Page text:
Three Plus One – Writing Books I Recommend

Over the years I’ve amassed a hefty collection of self-help, how-to books about writing.  All of them have been useful in one way or another, but three of these have honoured places on my jam-packed shelves.  They are books that, at different points in my writing career, shaped or steered me in significant ways. Without these three, it’s safe to say I wouldn’t be the writer I am today.

Recently, I discovered a 4th book to add to the honoured list.  So here they are, the three plus one books I couldn’t do without:

The Three…

Book proposalHow to Write a Book Proposal
Michael Larsen (Writer’s Digest Books, 2011) 

Back in my days of rookie writing, I had a non-fiction manuscript but no idea of how to market it.  After mailing the whole thing out to a publisher and waiting three months only to   have the entire package returned rejected, I sought help. Larsen’s How to Write a Book Proposal showed me the ropes and yielded my first contract.

Reprinted and updated since then, Larsen’s book is still a valuable tool for anyone wanting sound advice on the ins and outs of publishing.  Each chapter explores a component of the non-fiction proposal-building process and throughout the book Larsen provides solid examples and hot tips to guide writers, novice to expert, through every stage.

writing the natural way

Writing the Natural Way: Using Right-Brain Techniques to Release Your Expressive Powers
Gabriele Rico (Tarcher, 2000) 

When I first dipped into this book, I had my doubts.  The back cover boldly promised that by following its techniques I would “release” my creative potential and “turn the task of writing into the joy of writing” by harnessing the power of the brain’s free flowing right hemisphere. A few chapters into the book, I became a believer.

Filled with quotes, writing samples and inspiring exercises, Rico’s Writing the Natural Way was more than just an instructional guide for me.  It was transformational.  Even now – years later – the pieces I wrote then rank among my most creative, and when I find myself staring at a blank page, I still practice some of its principles to get the juices flowing.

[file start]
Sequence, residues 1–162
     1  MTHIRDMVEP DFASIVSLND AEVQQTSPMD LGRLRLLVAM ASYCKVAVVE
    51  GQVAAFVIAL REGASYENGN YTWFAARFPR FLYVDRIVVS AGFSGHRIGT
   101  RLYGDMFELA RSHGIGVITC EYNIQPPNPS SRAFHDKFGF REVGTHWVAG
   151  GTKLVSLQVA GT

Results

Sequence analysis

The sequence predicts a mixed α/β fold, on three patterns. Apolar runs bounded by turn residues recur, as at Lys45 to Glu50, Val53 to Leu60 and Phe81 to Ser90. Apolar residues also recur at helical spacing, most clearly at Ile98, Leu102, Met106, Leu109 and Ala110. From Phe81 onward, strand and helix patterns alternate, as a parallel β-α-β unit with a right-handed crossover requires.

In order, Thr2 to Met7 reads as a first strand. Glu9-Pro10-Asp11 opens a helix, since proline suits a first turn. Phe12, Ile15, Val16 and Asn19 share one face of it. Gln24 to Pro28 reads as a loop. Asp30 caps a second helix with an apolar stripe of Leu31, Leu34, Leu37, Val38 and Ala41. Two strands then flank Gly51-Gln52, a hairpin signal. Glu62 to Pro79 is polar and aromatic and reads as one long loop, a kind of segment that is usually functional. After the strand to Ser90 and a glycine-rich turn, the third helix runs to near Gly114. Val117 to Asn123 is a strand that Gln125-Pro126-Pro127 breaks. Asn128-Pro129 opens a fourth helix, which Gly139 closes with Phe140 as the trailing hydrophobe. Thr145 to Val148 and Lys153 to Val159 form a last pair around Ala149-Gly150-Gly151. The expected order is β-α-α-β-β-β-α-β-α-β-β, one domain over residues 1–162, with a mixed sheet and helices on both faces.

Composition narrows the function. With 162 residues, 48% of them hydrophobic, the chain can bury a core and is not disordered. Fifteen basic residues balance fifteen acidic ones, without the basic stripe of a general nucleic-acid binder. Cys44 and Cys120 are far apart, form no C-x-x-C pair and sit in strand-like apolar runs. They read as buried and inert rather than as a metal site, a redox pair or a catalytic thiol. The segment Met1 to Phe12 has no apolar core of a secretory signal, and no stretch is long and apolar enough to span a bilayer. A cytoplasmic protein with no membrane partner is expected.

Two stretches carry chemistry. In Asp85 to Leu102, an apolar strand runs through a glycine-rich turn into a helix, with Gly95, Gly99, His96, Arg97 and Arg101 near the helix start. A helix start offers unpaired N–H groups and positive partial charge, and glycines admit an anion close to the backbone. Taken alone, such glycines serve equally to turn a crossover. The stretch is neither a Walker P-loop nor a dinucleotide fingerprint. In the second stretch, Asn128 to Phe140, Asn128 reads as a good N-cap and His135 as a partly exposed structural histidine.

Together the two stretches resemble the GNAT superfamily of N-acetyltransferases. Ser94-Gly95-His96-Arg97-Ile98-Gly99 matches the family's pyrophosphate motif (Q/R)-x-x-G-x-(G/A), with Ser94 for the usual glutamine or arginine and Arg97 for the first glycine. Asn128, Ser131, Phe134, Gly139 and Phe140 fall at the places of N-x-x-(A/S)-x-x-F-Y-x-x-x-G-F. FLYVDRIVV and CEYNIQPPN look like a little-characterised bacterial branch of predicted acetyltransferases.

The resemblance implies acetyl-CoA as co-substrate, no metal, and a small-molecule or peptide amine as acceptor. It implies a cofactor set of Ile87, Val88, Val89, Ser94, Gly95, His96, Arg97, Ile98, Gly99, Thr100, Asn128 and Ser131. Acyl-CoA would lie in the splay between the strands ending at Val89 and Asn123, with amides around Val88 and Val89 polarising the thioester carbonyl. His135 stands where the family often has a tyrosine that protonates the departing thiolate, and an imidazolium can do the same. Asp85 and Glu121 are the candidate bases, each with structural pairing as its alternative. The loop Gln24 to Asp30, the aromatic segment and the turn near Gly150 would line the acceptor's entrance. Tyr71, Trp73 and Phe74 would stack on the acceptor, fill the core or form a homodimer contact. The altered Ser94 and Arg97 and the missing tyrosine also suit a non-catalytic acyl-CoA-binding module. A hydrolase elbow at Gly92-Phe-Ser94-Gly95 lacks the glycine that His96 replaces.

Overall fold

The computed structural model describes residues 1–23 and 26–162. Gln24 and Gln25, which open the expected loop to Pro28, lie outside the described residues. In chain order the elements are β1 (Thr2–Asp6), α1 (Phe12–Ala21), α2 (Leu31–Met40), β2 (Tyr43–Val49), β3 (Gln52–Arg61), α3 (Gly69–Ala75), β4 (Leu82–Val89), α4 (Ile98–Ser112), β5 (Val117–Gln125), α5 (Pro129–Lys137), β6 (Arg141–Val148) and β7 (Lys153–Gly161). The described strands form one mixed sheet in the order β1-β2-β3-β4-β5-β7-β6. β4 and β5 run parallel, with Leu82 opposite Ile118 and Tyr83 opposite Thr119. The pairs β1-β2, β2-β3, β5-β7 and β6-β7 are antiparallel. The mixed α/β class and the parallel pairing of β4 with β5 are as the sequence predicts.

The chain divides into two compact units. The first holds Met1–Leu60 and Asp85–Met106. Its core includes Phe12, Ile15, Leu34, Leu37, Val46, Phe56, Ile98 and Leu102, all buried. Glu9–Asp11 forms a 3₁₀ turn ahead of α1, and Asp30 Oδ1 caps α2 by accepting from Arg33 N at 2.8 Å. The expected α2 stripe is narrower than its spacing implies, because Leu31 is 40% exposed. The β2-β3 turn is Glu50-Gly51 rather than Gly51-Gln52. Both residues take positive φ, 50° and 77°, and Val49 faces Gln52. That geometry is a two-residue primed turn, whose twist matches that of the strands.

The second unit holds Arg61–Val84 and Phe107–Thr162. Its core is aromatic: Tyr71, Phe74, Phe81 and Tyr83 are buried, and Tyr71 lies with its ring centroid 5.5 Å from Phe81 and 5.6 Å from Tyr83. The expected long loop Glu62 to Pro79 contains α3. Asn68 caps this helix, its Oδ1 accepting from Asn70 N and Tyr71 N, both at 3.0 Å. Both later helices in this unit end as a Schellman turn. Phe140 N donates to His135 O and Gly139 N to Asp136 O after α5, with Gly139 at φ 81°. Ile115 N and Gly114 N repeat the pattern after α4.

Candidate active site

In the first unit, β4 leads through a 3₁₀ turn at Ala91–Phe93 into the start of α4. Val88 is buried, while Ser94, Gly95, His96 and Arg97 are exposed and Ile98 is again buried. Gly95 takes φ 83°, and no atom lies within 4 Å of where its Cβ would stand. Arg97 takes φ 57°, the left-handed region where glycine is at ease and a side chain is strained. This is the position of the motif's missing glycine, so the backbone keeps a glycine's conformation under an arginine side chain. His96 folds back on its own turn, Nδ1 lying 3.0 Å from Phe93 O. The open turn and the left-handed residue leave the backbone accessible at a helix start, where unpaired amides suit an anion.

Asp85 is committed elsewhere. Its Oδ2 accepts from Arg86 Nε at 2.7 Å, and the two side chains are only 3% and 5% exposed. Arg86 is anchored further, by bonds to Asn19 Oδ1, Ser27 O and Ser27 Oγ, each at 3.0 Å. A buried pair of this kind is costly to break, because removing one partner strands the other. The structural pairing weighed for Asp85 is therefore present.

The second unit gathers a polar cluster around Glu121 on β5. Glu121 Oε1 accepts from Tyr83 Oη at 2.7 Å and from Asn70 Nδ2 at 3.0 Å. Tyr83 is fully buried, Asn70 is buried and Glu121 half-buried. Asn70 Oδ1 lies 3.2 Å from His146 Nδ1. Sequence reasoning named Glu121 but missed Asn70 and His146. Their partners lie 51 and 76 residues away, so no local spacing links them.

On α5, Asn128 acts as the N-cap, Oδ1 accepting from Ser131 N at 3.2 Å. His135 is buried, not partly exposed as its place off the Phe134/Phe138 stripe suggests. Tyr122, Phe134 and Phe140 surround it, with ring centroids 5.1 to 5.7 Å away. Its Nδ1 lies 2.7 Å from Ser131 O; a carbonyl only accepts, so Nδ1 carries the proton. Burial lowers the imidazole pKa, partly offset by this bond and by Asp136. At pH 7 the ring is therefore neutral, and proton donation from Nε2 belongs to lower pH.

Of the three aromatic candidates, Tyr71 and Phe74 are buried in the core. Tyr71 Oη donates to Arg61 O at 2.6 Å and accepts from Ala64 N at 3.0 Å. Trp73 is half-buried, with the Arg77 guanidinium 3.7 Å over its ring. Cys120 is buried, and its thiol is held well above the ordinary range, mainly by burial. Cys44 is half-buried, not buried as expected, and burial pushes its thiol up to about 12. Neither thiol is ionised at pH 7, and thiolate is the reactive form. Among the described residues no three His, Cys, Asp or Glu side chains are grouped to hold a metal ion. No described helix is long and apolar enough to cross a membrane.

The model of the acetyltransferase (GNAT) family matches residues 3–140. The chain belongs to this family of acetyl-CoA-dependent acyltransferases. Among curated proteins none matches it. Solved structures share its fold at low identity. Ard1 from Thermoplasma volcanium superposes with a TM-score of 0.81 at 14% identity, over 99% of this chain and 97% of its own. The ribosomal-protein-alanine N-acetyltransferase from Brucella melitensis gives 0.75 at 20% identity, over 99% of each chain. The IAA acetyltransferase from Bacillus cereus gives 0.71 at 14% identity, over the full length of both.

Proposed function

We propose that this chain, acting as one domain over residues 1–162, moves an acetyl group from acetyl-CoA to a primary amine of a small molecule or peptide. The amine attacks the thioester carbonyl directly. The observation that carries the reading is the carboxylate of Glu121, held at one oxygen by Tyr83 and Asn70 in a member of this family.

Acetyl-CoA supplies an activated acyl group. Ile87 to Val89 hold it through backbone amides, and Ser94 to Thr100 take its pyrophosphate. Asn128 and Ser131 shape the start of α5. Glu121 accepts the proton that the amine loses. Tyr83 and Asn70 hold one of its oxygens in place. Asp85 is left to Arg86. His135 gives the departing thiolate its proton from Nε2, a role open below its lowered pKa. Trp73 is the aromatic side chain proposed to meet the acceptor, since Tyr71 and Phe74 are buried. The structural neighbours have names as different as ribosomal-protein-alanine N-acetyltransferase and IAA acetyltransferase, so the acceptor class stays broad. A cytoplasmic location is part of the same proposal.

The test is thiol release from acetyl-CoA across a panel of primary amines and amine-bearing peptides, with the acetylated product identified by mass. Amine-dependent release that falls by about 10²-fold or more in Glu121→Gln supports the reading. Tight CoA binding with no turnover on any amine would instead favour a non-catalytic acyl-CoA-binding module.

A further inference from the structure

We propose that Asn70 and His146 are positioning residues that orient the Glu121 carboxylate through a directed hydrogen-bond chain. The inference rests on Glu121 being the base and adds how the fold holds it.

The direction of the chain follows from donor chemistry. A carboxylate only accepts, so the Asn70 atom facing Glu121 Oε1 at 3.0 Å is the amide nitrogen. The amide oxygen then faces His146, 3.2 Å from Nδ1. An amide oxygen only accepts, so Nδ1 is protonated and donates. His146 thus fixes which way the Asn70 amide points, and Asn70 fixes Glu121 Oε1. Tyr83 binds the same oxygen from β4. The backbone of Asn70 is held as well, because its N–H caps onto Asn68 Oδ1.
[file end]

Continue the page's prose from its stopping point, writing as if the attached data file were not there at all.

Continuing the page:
writing for storyWriting  for Story: Craft Secrets of Dramatic Non-Fiction by a Two-time Pulitzer Prize Winner
Jon  Franklin (Plume: Reprint edition, 1994) 

A decade ago I took on a new teaching position and inherited an office with a sagging shelf of left-behind books. I found this one among the others.  It was dog-eared, a indication that it had been well used. I read the book and soaked up the information, intrigued by a style of writing that we now call narrative non-fiction.  Guided by Franklin’s book, I experimented with the form and boosted my storytelling power.

Since then I’ve acquired other books about narrative non-fiction.  They’ve all added to my skills and knowledge, but Jon Franklin’s book is still my favourite.  In this volume, Franklin   covers much.  How to sniff out compelling true stories.  How to organize information and breathe life into characters.  How to add splashes of colour and chart a course that carries the reader over hills and through valleys.

For anyone wanting a primer on narrative non-fiction, Franklin’s book is a great start.

The Plus One…

essential guide

Guide to Getting Your Book Published: How to Write It, Sell It, and Market It…Successfully
Arielle Eckstut & David Henry Sterry (Workman Publishing, 2010)

A thick guide, but oh so complete, savvy and up-to-date – an entire toolkit of practical advice on everything writing-related from pitching to agents and launching blogs to crafting knock-out proposals and using video trailers for marketing.  On practically every page, I found something new, exciting and useful.  Already, the book is a trusted friend, and since I am lugging it everywhere these days I expect it will soon be as dog-eared as the others.



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